People often wonder what attitude the Church should have toward feminism. It may be easy to offer simplistic answers, but we cannot begin to address this issue responsibly unless we are clear about what feminism is. This contentious word feminism means different things to different people, both among its advocates and among its opponents. For many today, including many Orthodox Christians, "feminist" has become a convenient insult largely empty of meaning. If people can pin the label of feminist on people or ideas they dislike, they can dismiss those people and ideas without having to give them a hearing. This can be an excuse for refusing to enter into respectful dialogue with others, thus avoiding the possibility of discovering whether they actually have legitimate concerns, and maybe even changing our own attitudes or behavior in response. Sometimes God uses the most unlikely people and situations to call us to repentance.
Avowed feminists disagree among themselves about what feminism is. Many books have been written about feminist theory, which comes in several different varieties. It is a complex subject in which I am not a specialist. Much of this material is probably incompatible with the Orthodox faith, but some of it may invite fruitful dialogue in unexpected ways. I once heard feminism defined as the belief that women are fully human and are not inferior to men just because they are women. Many Fathers of the Church would wholeheartedly agree with this statement. St. Basil the Great says the following:
The virtue of man and woman is one, since also the creation is of equal honor for both, and so the reward for both is the same. Listen to Genesis. "God," it says, "created the human; in the image of God he created him; male and female he created them" [Gen. 1:27]. And since their nature is one, their activities also are the same; and since their work is equal, their reward also is the same.1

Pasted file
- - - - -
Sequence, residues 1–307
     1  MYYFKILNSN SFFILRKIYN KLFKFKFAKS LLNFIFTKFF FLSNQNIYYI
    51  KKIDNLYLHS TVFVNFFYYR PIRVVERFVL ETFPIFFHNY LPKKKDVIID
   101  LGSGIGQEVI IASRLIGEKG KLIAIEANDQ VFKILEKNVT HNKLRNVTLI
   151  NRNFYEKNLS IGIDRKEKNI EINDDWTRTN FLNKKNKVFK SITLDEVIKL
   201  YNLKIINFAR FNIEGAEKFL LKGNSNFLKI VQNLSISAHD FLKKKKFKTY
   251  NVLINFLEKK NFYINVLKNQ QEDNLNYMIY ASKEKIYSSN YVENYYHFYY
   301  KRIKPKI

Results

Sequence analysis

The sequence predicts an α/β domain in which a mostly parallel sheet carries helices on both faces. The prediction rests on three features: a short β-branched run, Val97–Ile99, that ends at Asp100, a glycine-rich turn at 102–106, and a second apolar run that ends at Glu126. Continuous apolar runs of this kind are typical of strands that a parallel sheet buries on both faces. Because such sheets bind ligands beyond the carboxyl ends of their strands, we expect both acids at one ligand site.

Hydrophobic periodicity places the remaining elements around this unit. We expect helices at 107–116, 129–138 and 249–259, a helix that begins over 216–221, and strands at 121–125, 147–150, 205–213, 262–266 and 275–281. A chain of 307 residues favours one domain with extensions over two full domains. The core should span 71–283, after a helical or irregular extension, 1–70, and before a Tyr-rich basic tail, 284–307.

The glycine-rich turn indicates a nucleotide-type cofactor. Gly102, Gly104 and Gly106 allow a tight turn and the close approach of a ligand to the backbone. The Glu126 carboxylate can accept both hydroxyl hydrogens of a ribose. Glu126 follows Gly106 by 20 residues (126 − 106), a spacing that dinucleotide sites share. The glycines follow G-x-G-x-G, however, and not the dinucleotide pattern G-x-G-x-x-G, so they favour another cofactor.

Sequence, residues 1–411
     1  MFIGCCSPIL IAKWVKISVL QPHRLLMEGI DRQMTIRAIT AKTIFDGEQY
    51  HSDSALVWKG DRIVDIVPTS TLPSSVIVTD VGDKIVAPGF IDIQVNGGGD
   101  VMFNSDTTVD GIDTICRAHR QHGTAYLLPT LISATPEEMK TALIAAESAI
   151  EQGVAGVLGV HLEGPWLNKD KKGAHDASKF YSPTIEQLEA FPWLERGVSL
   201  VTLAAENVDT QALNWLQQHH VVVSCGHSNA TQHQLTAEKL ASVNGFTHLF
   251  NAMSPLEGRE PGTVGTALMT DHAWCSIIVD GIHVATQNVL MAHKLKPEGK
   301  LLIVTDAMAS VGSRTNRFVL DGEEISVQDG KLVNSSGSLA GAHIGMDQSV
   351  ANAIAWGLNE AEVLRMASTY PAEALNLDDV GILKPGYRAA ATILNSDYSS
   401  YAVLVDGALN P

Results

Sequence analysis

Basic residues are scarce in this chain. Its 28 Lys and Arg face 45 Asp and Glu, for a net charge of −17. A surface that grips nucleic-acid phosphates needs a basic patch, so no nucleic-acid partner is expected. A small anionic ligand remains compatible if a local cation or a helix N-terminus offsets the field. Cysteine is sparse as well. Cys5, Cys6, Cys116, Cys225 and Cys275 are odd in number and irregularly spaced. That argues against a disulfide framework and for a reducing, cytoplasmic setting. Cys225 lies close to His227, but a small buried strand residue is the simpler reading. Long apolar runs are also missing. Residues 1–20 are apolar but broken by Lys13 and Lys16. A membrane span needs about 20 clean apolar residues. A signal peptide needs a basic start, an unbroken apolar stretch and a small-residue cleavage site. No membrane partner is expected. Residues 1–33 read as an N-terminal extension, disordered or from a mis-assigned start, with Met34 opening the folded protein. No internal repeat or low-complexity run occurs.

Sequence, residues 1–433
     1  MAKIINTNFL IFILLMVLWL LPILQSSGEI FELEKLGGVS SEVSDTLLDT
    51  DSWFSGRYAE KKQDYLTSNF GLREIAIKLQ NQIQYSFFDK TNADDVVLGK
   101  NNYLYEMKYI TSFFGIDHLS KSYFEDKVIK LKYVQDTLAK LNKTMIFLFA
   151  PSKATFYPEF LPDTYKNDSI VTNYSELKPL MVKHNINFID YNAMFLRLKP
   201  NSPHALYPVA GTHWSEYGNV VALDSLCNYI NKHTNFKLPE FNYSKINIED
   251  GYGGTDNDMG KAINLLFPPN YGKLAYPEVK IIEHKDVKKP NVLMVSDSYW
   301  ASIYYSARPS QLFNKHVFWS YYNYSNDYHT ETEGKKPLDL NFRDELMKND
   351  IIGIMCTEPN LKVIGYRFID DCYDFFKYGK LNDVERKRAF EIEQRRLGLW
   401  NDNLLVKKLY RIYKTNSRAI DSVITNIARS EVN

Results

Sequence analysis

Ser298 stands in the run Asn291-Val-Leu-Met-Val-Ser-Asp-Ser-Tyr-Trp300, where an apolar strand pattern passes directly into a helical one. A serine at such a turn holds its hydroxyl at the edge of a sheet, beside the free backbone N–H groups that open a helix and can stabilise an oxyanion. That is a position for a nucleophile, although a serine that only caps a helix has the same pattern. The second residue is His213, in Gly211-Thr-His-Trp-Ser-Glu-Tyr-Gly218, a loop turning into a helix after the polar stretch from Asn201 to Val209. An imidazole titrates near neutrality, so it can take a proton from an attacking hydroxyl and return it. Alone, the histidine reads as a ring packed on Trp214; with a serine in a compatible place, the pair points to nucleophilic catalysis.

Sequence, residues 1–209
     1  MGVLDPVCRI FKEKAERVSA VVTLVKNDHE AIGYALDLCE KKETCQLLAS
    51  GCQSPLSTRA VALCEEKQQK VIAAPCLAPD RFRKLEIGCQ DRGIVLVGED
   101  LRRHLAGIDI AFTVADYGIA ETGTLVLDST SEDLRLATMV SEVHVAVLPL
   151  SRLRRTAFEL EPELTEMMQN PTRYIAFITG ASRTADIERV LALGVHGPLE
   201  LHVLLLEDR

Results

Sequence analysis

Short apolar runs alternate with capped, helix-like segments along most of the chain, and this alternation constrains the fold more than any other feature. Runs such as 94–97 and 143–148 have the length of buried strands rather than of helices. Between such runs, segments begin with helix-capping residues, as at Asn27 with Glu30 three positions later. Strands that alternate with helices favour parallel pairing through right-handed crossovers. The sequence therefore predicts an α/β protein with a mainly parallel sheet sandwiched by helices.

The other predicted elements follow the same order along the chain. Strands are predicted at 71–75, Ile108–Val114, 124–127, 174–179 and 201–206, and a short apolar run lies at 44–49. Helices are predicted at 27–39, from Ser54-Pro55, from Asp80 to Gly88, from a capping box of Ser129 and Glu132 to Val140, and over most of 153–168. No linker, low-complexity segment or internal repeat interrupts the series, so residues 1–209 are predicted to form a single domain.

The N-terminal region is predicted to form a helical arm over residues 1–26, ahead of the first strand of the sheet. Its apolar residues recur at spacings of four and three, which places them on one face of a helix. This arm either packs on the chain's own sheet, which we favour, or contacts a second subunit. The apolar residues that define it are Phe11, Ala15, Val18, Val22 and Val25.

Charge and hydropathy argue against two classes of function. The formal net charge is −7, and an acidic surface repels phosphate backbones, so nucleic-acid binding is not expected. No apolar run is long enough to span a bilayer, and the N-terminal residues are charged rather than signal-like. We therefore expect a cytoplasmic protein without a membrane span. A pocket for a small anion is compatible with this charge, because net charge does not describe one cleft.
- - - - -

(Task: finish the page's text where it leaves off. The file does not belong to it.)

St. Basil is saying that the most important things about men and women, the things that make them fully human, are shared by both alike. These shared characteristics are: creation in God's image and likeness, the capacity for virtue and good works, and the hope of eternal life. Christ died for men and women alike, and all can be saved through faith in Him. If this is what is meant by feminism, the Church's teaching requires us to be feminists.
Some Orthodox Christians describe feminism as a dangerous heresy, an enemy they fear is already "within the gates" of the Church, threatening to destroy it. However, alarmism is not the appropriate response. Unlike the other ecclesiastical bodies that some of us have left, the Orthodox Church is the true Church and is preserved in right faith and practice by Divine Providence. By nature it resists innovations even in matters of liturgical detail, knowing that the Tradition is inspired by the Holy Spirit and hallowed by the presence of many saints, whose life and worship we hope to share. So we hardly need fear that some Orthodox bishop will ordain women priests tomorrow or change the Holy Trinity into an impersonal, generic "Creator, Redeemer and Sanctifier." Therefore the question of feminism must be addressed calmly and cautiously, with much prayer and dispassion, with reverence for the Church and respect for the dignity of the Divine image present in all people, both male and female. Moreover, we need to study the teachings of the Fathers and the examples of saints as they relate to women. These teachings provide the context for rightly interpreting and applying Scripture. All this takes time, and the work has only begun.